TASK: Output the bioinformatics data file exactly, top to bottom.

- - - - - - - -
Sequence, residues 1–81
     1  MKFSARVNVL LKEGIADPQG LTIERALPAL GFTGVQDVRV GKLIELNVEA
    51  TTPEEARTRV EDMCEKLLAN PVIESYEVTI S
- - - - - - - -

Sequence, residues 1–81
     1  MKFSARVNVL LKEGIADPQG LTIERALPAL GFTGVQDVRV GKLIELNVEA
    51  TTPEEARTRV EDMCEKLLAN PVIESYEVTI S